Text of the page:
users, the system owner and managers who collaborate and are actively involved in decision making to achieve mutually satisfactory agreements. Therefore during the empirical study, only the key stakeholders involve to represent the key people. The silent objective is enforced to the empirical study. It means the researchers purpose for the experiments will be not revealed to the participants performing the negotiation. The silent objective is not revealed in the experiments instruction to the participants. This silent objective is employed to allow the participants to merely exercise negotiation without knowing the underlying objective of the researcher. If the objective is revealed, the participants will tend to prioritise wrongly by striving to achieve the objective without having negotiation. This is to ensure that this research is purely assessing the negotiation process and the results obtained from that process. A defect is defined by the researcher as summarized here. The literature is rife with inconsistent usage of this term. For example, McConnell [39] makes no distinction between errors and defects in the examples he cites in his book. On the other hand, Humphrey [40] elaborately states a bug is a defect but not all defects are bugs, and all defects result from errors but not all errors produce defects. Even the software measurements collected by authoritative organizations reflect a lack of consensus; Christensen et al [41] stated that NASA and DoD used the term "defects" while the Software Engineering Laboratory refers to "errors" and the Army refers to


International Journal on New Computer Architectures and Their Applications (IJNCAA) 1(3): 599-614 The Society of Digital Information and Wireless Communications, 2011 (ISSN: 2220-9085)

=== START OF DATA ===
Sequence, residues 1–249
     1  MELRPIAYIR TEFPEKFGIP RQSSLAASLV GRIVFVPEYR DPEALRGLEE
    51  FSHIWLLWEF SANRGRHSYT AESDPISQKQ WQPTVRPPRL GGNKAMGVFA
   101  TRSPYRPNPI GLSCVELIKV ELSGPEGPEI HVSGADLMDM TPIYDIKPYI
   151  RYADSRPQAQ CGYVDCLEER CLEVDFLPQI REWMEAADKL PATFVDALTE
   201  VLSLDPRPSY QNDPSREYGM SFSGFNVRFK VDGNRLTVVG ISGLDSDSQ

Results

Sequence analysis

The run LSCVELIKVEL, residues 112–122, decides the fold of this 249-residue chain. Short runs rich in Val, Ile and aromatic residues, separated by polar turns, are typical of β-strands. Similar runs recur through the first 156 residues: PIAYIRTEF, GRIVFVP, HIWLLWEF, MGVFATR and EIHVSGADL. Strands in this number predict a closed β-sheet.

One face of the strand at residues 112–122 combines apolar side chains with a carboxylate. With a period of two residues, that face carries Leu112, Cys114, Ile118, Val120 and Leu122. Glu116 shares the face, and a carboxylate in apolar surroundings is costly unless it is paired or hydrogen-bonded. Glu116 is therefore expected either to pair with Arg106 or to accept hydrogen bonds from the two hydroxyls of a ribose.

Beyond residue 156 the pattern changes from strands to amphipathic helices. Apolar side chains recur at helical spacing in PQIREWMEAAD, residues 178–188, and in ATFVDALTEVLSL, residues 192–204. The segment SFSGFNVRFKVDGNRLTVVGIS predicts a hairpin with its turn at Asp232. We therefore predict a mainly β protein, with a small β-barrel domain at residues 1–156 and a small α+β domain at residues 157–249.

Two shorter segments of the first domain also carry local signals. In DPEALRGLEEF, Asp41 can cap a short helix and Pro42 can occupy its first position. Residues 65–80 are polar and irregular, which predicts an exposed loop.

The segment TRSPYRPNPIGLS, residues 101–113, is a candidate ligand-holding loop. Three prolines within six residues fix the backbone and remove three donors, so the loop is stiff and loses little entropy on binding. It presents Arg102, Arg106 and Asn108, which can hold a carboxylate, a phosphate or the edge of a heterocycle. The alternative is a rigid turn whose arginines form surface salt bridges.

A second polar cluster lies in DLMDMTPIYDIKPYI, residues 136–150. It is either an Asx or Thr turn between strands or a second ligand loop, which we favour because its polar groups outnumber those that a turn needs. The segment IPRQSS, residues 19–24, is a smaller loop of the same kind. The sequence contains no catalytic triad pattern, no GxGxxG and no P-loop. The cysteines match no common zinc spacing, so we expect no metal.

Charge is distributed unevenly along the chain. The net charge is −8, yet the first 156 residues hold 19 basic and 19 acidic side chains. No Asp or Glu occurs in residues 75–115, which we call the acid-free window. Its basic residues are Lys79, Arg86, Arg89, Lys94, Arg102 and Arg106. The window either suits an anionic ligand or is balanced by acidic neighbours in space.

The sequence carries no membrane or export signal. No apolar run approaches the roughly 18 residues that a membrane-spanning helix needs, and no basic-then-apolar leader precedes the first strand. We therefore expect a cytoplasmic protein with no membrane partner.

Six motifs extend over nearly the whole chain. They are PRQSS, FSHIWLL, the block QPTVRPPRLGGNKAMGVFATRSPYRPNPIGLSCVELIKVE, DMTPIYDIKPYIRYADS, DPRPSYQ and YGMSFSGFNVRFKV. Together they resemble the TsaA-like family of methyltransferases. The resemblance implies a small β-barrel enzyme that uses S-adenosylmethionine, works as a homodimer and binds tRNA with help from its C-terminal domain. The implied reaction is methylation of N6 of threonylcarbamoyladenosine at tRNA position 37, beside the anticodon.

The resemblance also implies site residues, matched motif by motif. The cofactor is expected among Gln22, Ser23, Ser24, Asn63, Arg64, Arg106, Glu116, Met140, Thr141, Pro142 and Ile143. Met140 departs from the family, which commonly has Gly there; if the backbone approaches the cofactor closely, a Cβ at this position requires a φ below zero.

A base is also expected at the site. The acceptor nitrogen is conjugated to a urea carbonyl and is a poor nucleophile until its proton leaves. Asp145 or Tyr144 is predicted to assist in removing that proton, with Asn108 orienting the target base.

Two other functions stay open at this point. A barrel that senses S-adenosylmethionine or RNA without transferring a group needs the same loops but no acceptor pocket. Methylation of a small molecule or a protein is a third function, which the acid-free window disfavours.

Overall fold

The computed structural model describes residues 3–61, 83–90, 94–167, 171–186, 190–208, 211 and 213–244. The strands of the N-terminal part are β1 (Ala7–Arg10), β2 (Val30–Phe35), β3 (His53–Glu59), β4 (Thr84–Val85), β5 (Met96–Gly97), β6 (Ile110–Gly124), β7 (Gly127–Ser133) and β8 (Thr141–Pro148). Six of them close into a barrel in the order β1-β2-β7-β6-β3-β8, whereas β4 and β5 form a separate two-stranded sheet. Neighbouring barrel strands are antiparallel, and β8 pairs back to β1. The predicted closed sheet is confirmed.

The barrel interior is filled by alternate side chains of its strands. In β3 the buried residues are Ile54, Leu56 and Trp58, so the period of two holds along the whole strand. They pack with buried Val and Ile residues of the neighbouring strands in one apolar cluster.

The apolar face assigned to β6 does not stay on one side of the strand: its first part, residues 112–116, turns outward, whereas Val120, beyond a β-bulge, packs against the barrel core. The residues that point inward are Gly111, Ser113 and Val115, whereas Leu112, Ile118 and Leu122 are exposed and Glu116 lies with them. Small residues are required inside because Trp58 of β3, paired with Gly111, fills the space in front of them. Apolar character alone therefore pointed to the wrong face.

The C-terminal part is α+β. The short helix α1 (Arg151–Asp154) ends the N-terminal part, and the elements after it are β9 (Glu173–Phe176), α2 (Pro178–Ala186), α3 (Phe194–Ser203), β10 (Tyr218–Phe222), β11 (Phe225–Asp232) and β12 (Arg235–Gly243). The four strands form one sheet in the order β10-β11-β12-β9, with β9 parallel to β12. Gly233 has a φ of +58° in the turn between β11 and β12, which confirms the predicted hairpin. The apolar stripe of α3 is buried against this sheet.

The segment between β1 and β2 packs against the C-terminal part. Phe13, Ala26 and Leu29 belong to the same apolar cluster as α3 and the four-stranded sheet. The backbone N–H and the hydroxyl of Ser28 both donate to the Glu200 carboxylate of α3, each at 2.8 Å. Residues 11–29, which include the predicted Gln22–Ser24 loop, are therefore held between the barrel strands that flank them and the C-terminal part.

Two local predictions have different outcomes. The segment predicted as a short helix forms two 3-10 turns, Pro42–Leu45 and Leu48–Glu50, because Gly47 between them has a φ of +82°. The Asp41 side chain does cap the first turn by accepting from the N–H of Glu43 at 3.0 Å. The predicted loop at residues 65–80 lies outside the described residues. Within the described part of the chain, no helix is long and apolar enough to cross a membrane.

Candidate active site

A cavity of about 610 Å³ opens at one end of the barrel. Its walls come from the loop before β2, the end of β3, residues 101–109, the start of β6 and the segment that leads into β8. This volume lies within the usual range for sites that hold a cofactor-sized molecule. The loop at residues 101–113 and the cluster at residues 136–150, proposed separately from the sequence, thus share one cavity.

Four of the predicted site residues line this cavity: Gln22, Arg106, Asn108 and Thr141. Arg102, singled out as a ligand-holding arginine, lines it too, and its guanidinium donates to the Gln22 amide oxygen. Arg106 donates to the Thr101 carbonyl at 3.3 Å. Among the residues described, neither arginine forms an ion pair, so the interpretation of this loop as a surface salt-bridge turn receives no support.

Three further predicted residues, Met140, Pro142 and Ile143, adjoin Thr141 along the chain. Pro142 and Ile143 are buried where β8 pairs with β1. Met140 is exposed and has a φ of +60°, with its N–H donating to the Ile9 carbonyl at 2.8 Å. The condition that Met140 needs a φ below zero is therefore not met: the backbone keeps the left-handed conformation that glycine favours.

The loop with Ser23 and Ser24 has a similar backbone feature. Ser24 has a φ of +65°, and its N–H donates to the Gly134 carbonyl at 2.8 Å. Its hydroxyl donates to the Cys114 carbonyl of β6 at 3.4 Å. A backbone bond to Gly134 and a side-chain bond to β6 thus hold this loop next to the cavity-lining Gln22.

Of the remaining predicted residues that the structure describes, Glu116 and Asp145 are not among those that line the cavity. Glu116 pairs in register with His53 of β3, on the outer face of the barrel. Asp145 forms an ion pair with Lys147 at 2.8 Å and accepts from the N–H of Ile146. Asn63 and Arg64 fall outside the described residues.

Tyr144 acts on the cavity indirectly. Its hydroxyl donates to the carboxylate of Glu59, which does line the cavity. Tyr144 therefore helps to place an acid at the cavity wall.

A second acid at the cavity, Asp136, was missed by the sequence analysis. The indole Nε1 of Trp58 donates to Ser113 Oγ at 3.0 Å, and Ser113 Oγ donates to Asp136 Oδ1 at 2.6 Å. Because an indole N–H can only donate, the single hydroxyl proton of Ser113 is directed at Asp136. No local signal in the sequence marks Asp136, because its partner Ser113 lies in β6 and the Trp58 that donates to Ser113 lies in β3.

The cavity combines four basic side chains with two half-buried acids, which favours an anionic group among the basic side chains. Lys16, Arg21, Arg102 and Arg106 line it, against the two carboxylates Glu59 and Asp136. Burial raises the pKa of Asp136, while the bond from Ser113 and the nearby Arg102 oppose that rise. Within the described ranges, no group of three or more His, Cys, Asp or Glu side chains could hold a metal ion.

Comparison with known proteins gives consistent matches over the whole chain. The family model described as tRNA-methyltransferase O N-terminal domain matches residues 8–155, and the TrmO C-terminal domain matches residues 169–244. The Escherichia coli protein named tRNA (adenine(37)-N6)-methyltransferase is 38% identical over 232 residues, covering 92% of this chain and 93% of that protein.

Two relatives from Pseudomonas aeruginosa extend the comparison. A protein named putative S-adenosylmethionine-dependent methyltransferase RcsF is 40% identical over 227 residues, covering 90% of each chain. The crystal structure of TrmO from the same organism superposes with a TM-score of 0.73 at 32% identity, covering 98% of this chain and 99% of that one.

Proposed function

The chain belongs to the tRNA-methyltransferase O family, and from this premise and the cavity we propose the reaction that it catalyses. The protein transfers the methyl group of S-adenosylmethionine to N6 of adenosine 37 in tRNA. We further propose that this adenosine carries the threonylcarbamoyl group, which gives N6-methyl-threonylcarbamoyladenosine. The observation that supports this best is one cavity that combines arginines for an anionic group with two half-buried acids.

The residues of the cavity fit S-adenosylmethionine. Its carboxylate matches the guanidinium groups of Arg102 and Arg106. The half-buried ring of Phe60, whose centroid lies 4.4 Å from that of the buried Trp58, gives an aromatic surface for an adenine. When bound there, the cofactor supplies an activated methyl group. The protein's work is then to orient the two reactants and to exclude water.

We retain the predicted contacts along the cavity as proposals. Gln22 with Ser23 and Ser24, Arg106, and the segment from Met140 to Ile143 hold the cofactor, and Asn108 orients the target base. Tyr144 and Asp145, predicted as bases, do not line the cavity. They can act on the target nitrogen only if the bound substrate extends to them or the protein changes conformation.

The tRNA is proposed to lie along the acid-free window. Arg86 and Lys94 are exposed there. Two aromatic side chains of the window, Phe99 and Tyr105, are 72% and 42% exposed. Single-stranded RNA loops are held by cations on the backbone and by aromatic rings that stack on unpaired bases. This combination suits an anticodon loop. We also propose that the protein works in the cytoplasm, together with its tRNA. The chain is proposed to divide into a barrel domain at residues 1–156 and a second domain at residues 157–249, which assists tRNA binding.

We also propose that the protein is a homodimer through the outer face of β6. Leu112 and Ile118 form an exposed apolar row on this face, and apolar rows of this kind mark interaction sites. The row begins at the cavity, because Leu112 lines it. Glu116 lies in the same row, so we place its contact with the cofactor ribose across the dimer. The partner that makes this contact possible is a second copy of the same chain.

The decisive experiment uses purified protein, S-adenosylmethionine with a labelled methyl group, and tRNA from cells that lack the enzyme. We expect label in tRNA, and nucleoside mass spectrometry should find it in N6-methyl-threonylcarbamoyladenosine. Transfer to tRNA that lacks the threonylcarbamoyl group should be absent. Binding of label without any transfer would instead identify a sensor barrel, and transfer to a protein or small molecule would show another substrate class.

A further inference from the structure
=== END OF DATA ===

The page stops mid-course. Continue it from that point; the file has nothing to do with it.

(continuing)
"faults" and "anomalies". Pressman [42] define defect as a deviation between the specification and the implementation, detected after release to the customer (or the next activity in the software process). This is supported by a definition in IEEE [43] and SWEBOK [44] in which the standard define defect as product anomaly and a quality problem discovered after the software has been released to end-users respectively. These definitions fit the big picture of software development in which the specification can be checked against the end product to recognize the existence of defect or not. This research is using the term defect to represent requirements defect which may occur during requirements elicitation process. However, defect in this research refers to the nonconformance of requirements at a very high level of requirements elicitation phase. As this research has a limitation within RE phase only, the general definition of defect as stated above is not appropriate. The requirement defect at this stage is checked within the written requirements statement and against the conformance of the stakeholders needs. Aligned with that, at this stage, only a number of defect attributes which associate with several quality attributes is relevant. Lauesen et al [45] looked into the effort to prevent defects early in the process life-cycle, defined requirement defect as although the product works as intended by the developers, the users and customers are not satisfied with it. They may find it too difficult to use or unable to support certain user tasks. Unstated user expectations (tacit requirements) and misunderstood requirements are typical examples. Similar research [46-

48] which looks into requirements defects in this early stage line up more or less the same defect attributes in their research. Therefore, by definition, a defect is a nonconformance of requirements in requirements statements and customers needs based on the requirements comprehensibility, completeness, consistency, feasibility and correctness. Customers needs are represented by the high level requirements statements listed as agreed requirements following negotiation.